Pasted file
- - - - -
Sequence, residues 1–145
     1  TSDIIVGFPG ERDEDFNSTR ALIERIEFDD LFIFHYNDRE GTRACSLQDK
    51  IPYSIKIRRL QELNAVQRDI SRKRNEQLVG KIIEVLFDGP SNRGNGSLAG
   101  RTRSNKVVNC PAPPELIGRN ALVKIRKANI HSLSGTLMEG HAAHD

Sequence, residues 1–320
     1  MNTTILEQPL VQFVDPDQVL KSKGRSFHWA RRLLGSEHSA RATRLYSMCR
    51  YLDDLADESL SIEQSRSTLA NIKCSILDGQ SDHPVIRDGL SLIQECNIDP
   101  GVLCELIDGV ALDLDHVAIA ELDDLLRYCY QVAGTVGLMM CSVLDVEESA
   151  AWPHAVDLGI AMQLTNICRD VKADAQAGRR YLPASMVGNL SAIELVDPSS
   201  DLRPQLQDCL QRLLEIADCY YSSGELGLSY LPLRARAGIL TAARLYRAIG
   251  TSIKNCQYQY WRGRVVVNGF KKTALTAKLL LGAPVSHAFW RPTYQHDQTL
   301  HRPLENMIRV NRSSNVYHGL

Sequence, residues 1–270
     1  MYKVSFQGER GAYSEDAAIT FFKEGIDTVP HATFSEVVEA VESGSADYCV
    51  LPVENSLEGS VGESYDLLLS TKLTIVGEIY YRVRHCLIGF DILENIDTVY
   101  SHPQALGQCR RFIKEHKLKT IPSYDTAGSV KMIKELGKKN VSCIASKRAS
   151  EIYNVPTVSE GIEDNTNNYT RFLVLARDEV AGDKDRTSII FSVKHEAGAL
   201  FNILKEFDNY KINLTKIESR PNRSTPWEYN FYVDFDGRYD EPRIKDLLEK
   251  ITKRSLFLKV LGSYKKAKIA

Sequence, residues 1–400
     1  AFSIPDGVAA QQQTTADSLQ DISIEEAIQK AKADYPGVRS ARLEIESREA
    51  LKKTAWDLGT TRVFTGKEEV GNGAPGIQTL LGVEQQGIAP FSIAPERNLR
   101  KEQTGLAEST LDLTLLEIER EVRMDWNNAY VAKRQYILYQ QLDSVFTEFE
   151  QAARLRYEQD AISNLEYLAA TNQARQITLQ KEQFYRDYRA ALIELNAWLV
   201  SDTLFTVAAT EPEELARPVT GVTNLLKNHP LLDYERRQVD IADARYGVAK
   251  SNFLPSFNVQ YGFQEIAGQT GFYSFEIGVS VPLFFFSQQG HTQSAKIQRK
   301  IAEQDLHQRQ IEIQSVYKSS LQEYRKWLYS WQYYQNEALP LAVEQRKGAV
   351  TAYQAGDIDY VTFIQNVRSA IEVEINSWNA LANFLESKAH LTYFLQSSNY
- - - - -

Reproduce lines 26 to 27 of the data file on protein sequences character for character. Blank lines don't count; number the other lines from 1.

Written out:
   251  SNFLPSFNVQ YGFQEIAGQT GFYSFEIGVS VPLFFFSQQG HTQSAKIQRK
   301  IAEQDLHQRQ IEIQSVYKSS LQEYRKWLYS WQYYQNEALP LAVEQRKGAV